Nama set to defend former senior official over Project Eagle
Nama is set to leap to the defence of a former senior executive who has been implicated in the Project Eagle controversy.
Chairman Frank Daly is today expected to tell the Dáil's Public Accounts Committee (PAC) that no evidence has been produced to substantiate allegations made against Ronnie Hanna, the agency's former head of asset management.
Mr Daly and Nama chief executive Brendan McDonagh are appearing before TDs to be quizzed on the sale of its Northern Ireland loan book.
It comes after a damning report by the Comptroller and Auditor General (C&AG) found that Nama incurred a potential loss to the taxpayer of £190m (€223m) in the €1.6bn Project Eagle sale.
Nama has strongly rejected the findings and Mr Daly and Mr McDonagh's submissions to the PAC, which have been seen by the Irish Independent, show that they will attack the C&AG report and robustly defend the sale.
Mr Hanna was named in the Dáil by Independent TD Mick Wallace as one of two men arrested by the UK's National Crime Agency (NCA), which has been probing the sale.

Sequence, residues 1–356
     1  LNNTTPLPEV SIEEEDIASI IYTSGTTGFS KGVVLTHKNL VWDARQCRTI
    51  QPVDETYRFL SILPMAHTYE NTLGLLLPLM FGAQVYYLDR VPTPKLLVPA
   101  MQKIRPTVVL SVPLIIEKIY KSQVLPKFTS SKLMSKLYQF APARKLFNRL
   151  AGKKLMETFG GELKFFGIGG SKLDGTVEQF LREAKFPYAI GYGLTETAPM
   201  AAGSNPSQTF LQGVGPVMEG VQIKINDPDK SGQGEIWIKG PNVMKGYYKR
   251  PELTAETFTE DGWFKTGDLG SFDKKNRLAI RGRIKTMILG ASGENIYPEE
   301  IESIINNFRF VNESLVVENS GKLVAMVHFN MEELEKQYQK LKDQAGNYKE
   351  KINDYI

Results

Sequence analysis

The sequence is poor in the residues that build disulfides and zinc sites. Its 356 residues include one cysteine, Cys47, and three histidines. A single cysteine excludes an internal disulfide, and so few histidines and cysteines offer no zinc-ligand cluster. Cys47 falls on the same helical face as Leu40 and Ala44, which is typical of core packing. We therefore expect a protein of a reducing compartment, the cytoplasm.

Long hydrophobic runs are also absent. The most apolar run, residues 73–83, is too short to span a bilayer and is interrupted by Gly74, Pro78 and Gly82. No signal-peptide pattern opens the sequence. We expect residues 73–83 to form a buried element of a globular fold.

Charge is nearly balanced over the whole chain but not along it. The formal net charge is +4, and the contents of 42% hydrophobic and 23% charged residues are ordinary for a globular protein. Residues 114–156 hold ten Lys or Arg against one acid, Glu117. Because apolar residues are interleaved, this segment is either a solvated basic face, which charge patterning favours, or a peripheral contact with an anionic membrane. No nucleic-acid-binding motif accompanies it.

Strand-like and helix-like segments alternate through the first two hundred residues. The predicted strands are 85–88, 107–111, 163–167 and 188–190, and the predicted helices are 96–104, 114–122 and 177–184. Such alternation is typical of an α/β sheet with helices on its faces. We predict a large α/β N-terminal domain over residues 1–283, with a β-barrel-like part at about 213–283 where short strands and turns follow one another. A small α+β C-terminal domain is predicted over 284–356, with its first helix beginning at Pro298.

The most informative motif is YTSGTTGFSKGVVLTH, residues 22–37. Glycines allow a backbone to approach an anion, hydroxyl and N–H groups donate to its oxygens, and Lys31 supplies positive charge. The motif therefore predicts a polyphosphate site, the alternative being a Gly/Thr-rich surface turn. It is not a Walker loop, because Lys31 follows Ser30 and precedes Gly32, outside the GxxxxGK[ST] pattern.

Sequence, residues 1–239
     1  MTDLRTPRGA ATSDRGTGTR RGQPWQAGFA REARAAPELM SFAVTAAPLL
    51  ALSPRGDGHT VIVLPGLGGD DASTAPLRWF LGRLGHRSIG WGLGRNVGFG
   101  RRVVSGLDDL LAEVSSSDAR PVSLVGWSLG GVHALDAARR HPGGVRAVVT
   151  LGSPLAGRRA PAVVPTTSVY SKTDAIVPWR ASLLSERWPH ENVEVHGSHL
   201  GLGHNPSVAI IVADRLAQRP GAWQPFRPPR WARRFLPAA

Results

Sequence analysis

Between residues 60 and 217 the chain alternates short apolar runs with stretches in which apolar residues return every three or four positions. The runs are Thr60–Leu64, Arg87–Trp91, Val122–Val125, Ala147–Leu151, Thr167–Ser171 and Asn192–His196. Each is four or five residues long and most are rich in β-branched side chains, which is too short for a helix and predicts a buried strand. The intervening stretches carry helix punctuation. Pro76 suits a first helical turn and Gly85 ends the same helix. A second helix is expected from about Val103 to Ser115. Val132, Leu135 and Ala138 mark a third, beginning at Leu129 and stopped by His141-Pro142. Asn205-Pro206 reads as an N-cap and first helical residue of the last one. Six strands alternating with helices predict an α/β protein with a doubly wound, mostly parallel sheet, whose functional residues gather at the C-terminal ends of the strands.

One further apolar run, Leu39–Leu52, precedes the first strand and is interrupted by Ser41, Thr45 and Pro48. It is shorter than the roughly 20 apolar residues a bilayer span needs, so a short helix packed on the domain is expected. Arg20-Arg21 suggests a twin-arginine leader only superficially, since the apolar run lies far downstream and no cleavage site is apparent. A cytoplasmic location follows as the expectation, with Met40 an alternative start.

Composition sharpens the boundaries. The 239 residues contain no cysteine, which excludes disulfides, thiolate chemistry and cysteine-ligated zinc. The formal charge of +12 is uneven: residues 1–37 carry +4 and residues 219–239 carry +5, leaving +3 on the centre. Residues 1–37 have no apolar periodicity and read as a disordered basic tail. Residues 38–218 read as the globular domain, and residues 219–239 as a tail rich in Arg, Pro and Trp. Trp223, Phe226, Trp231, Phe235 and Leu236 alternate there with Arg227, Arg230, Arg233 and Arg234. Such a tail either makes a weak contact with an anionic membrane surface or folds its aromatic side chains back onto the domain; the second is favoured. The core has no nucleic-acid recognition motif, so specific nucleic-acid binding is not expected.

Former Nama adviser Frank Cushnahan was also arrested by the NCA. Both men deny the allegations against them.
A BBC documentary broadcast a secret recording in which Mr Cushnahan claimed that he was able to exert influence over Mr Hanna. Mr Cushnahan was recorded receiving a bag with Stg£40,000 from property developer and Nama debtor John Miskelly.
He appeared to suggest that Mr Hanna could help him extract loans belonging to Mr Miskelly out of Nama and divert them back to the businessman.
Mr Daly is to tell TDs that none of those making allegations about Mr Hanna "has produced evidence to substantiate these allegations".
Mr McDonagh will criticise the C&AG report for not providing "any market or expert support" for its view that a discount rate of 5.5pc should have applied to the Project Eagle sale.
He argues that international loan sales experts would have backed Nama's use of a discount rate in the 10pc to 15pc range.
Mr Daly will insist that Nama remains satisfied that the £1.322bn sale price "was the best price achievable".
He is to say that there was "heightened political sensitivity" regarding Nama's work in the North and there was a concern over a fully open sale process which would "freeze activity" there for months.
Mr Daly will refer to the minutes of a January 2014 phone call between Finance Minister Michael Noonan and politicians in the North in which Mr Noonan agreed that "confidentiality was important".
The C&AG, Séamus McCarthy will address TDs on his offices' Project Eagle report.